Hot Rod|July 2020
During the late ’50s and ’60s, the number of car dealerships jumped dramatically across the country. Manufacturers reasoned that if prospective buyers had a dealership in their neighborhood, they would sell more cars. In this Golden Age of American car production (1955-1970), some dealerships began to focus on performance cars as a way to generate additional traffic. Yenko in Pennsylvania, Motion in New York, Dana and Galpin in California, Royal in Michigan, and others all specialized in delivering high-powered cars to a thirsty public. Most importantly, car manufacturers took advantage of this specialization, creating unique cars with bigger engines and other performance options to help push cars off the lot.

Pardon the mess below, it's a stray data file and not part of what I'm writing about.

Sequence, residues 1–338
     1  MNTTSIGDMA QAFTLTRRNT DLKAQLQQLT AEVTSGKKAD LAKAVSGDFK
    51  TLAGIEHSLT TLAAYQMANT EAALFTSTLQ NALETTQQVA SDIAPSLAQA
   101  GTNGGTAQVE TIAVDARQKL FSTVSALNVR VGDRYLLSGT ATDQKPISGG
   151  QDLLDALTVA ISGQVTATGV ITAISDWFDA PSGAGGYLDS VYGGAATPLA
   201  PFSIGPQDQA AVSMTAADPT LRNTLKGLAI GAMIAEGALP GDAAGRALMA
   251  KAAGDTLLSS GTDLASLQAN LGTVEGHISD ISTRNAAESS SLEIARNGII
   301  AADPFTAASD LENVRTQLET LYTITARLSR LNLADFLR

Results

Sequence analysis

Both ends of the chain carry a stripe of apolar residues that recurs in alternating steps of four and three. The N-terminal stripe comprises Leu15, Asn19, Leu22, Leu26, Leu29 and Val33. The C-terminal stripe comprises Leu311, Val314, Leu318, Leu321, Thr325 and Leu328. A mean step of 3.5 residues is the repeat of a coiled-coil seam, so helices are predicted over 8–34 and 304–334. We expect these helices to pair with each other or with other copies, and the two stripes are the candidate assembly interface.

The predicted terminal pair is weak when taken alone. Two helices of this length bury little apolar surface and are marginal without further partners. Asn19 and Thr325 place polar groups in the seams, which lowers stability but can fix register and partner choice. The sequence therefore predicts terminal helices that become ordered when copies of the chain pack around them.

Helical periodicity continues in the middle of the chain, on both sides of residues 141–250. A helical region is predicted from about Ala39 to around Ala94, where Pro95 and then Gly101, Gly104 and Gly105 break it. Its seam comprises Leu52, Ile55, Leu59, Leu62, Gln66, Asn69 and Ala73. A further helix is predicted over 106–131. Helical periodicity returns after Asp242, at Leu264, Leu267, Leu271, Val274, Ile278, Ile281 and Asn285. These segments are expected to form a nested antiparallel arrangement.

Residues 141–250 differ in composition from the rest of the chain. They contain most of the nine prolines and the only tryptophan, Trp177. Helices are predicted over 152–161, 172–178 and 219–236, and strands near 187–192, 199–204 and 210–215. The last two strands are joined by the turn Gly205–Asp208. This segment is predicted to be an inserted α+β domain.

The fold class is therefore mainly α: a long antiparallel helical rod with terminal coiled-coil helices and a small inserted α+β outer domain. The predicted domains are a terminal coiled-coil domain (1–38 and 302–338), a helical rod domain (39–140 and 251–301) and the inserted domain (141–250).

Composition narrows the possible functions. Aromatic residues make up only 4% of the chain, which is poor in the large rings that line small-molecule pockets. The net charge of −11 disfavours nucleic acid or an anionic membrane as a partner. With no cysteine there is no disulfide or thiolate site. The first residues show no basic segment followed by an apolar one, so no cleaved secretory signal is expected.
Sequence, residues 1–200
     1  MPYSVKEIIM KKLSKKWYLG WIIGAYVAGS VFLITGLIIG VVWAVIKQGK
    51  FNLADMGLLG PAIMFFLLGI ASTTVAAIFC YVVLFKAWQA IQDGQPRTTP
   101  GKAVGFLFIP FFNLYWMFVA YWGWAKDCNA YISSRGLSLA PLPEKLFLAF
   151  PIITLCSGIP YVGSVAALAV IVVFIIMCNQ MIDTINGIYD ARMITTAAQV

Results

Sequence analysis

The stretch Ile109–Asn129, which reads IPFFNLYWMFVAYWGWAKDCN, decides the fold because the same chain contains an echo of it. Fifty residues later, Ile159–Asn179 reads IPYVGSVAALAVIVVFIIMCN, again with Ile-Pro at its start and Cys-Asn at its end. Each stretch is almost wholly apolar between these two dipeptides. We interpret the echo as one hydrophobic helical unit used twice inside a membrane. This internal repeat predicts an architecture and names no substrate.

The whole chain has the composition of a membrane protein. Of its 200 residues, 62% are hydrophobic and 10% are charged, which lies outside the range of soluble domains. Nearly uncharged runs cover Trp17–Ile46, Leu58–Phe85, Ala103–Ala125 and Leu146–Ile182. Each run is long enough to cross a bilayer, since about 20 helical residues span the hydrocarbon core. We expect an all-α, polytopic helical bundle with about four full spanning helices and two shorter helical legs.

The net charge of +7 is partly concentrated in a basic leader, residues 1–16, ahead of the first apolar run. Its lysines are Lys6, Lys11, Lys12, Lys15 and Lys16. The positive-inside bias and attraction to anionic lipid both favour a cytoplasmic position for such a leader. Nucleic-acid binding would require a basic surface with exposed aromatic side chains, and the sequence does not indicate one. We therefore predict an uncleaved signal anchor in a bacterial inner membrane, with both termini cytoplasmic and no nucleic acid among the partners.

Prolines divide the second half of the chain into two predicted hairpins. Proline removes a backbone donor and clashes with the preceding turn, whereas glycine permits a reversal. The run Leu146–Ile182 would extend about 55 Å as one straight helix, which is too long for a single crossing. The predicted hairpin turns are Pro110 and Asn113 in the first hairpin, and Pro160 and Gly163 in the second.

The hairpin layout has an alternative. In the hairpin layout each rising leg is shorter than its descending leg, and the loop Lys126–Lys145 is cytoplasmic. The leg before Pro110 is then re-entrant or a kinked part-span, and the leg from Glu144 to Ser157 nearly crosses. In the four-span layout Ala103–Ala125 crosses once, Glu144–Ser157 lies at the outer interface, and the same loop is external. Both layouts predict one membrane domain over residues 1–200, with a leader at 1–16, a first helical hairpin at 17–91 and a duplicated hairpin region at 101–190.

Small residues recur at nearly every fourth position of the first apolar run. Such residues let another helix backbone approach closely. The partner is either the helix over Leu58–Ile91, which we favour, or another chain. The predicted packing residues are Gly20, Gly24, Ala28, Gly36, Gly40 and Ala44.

For Mopar fans, no dealer was more performance-oriented than Norm Kraus’s Grand Spaulding Dodge in Chicago. Opened in 1962 at the corner of West Grand and North Spaulding Avenues on the west side of Chicago, what started out as a dirt lot became the place where “Hemi” and “Max Wedge” were spoken fluently, and black tire marks on the surrounding streets signaled a successful test drive. To that end, Mr. Norm’s service department would performance-tune each car before delivery on their not one but two onsite Clayton dynamometers. It was not long before Grand Spaulding Dodge became the highest-volume performance Dodge dealership in the U.S.
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